Zorn in America...
Chapter by Chapter Outline
|by Bill and Willow Hagans|
|This chapter-by-chapter outline serves as an introduction to the life of Anders Zorn, from the perspective of his American activities. There are several brief biographies of Zorn now available in English on the Internet that readers can refer to for a more balanced view of his life and career. Dr. Birgitta Sandstöm, former director of the Zorn Museum, has written a booklet in English on Zorn, Anders Zorn 1860-1920: An Introduction to His Life and Achievements (Zorn Museum, 1996). Zorn in America, a book by Bill and Willow Hagans, from which this outline is derived. See the menu item “American Subjects” for detailed information on Zorn’s activities in the United States.
Chapter One (1860-1881)
After a brief introduction, Zorn’s youth in rural Sweden is examined, emphasizing the hardship and alienation brought on by his illegitimate birth. Zorn relates his peasant upbringing directly to his respect for American values in excerpts from his memoirs. The second half of the chapter deals with Zorn’s education, concluding with his controversial expulsion from Stockholm’s Royal Academy of Art in 1881.
Chapter Two (1881-1888)
Settling in England, Zorn meets a number of Americans. He paints portraits of geologist Clarence King and Clara Hay, beginning a long friendship with diplomat John Hay. Clarence Barker, grandson of Cornelius Vanderbilt, is another American subject. A reporter from the Boston Evening Transcript profiles the artist. After a long secret engagement, Zorn marries Emma Lamm in 1885, and they embark on several lengthy painting trips. In 1888 Zorn meets American painter Edward Simmons in St. Ives, Cornwall. Simmons, who becomes a member of The Ten, assists in Zorn’s conversion to oil painting.
Chapter Three (1888-1889)
London financier Sir Ernest Cassel arranges for Zorn to travel to France to paint portraits, and his success there prompts the Zorns to move to Paris. Etching becomes an important feature of his art, with his portrait of French theologian Ernest Renan receiving wide praise.
Chapter Four (1890-1892)
Zorn comes into contact with many expatriate American artists living in the French capital. With the help of these artists, Zorn develops a network of American patronage prior to his first trip to the United States. Chapter four places Zorn at the center of the international art world as he arrives at his mature style.
Chapter Five (1893-1894)
This chapter’s focus is Zorn’s success during a year-long stay in the United States. The artist meets Isabella Stewart Gardner, who becomes his foremost American patron. He paints a portrait of Mrs. Potter Palmer, an important figure at the Chicago World’s Fair, and develops a lifelong friendship with industrialist Charles Deering. The chapter ends with Zorn’s birthday party at Mrs. Gardner’s Beacon St. home in February 1894, after successful exhibitions in New York, Philadelphia, and Boston.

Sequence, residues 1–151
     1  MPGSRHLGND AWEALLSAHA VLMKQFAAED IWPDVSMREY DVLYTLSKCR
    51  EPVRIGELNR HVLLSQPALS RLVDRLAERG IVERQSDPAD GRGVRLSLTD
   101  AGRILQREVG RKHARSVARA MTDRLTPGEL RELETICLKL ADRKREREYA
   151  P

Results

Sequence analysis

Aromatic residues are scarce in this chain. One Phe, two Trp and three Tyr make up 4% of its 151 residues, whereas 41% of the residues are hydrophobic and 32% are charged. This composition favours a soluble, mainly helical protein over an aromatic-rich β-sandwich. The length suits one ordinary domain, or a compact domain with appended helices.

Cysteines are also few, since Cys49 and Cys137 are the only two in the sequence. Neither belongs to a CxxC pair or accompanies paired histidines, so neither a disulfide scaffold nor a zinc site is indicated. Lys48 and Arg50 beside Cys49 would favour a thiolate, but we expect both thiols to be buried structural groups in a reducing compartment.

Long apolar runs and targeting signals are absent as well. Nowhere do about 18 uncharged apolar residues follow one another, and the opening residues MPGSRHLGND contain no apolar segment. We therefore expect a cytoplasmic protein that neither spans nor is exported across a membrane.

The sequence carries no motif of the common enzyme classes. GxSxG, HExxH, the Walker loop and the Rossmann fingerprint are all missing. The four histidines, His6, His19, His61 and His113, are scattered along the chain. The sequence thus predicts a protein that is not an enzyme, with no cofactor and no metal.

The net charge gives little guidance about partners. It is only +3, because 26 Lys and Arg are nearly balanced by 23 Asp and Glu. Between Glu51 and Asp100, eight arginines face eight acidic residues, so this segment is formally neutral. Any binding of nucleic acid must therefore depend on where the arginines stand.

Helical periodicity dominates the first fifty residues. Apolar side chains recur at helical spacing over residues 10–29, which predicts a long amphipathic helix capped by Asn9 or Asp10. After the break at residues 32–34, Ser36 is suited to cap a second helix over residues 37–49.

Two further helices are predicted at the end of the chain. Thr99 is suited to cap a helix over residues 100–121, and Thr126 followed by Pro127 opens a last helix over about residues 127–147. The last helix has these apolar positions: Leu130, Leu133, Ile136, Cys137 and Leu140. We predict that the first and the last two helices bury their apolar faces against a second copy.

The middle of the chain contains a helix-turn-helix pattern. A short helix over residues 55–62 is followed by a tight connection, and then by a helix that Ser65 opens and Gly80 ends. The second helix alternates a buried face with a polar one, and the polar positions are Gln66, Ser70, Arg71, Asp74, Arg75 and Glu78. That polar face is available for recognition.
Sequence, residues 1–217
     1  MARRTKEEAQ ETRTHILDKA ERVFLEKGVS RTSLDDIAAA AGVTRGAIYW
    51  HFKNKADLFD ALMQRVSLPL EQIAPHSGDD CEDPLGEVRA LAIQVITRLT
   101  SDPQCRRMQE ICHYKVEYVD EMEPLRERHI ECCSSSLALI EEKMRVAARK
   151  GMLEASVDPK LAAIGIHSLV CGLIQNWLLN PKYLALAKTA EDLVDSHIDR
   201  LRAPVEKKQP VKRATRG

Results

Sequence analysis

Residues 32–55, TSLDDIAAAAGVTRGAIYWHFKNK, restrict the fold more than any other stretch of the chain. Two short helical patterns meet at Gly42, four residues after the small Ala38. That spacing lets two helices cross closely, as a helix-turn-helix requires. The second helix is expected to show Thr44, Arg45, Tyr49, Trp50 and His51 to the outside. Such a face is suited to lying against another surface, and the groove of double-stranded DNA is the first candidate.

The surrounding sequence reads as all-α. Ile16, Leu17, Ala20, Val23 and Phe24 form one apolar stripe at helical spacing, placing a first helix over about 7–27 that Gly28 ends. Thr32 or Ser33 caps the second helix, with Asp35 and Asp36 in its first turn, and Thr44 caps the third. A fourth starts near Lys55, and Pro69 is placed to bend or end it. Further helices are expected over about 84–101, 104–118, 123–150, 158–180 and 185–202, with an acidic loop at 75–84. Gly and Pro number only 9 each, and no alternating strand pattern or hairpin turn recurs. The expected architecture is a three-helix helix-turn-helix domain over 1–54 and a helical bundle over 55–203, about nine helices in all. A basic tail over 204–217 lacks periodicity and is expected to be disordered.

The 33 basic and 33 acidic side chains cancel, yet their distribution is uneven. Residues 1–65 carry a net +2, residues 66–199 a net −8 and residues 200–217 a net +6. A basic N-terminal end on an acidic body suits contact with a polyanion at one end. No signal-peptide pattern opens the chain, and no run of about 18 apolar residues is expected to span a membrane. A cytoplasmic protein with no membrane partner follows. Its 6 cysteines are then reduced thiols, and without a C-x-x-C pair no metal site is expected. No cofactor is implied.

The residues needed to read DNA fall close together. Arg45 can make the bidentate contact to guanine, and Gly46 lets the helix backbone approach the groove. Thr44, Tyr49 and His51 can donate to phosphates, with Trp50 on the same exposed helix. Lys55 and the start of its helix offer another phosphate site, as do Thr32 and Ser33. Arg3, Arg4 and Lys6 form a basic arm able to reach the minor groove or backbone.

Chapter Six (1894)
The setting is Venice, where the Zorns are the guests of Mrs. Gardner. Zorn is overwhelmed by the charms of the Italian city and the hospitality of his hostess. His inspired portrait of Mrs. Gardner, painted on the balcony of Palazzo Barbaro, is the focal point of the chapter.
Chapter Seven (1895-1896)
Zorn’s second trip to America takes up the greater part of the chapter. In St. Louis he paints portraits of Mr. and Mrs. Adolphus Busch, among others. In New York Zorn paints Mrs. Walter Bacon, a granddaughter of Cornelius Vanderbilt. John Singer Sargent also painted Mrs. Bacon and comparisons are drawn between the two artists. This theme is taken up in succeeding chapters.
Chapter Eight (1896-1898)
Zorn etches the preeminent American sculptor Augustus Saint-Gaudens and makes a controversial portrait of banker Solomon Loeb for Jacob Schiff. The chapter concludes with Zorn’s trip to Russia at the invitation of Serge Diaghilev, founder of the Ballet Russe.
Chapter Nine (1898-1899)
This chapter explores Zorn’s troubled marriage and his third trip to the United States. The artist has an affair with Emily Bartlett, wife of American sculptor Paul Bartlett. The third trip to America in the winter of 1898 is the subject of the remainder of this chapter. Zorn visits the recently widowed Mrs. Gardner in Boston, where she arranges for him to paint eight portraits. He makes portraits of Grover Cleveland and his wife in Princeton, and a warm friendship develops between the couple and the artist.
Chapter Ten (1899)
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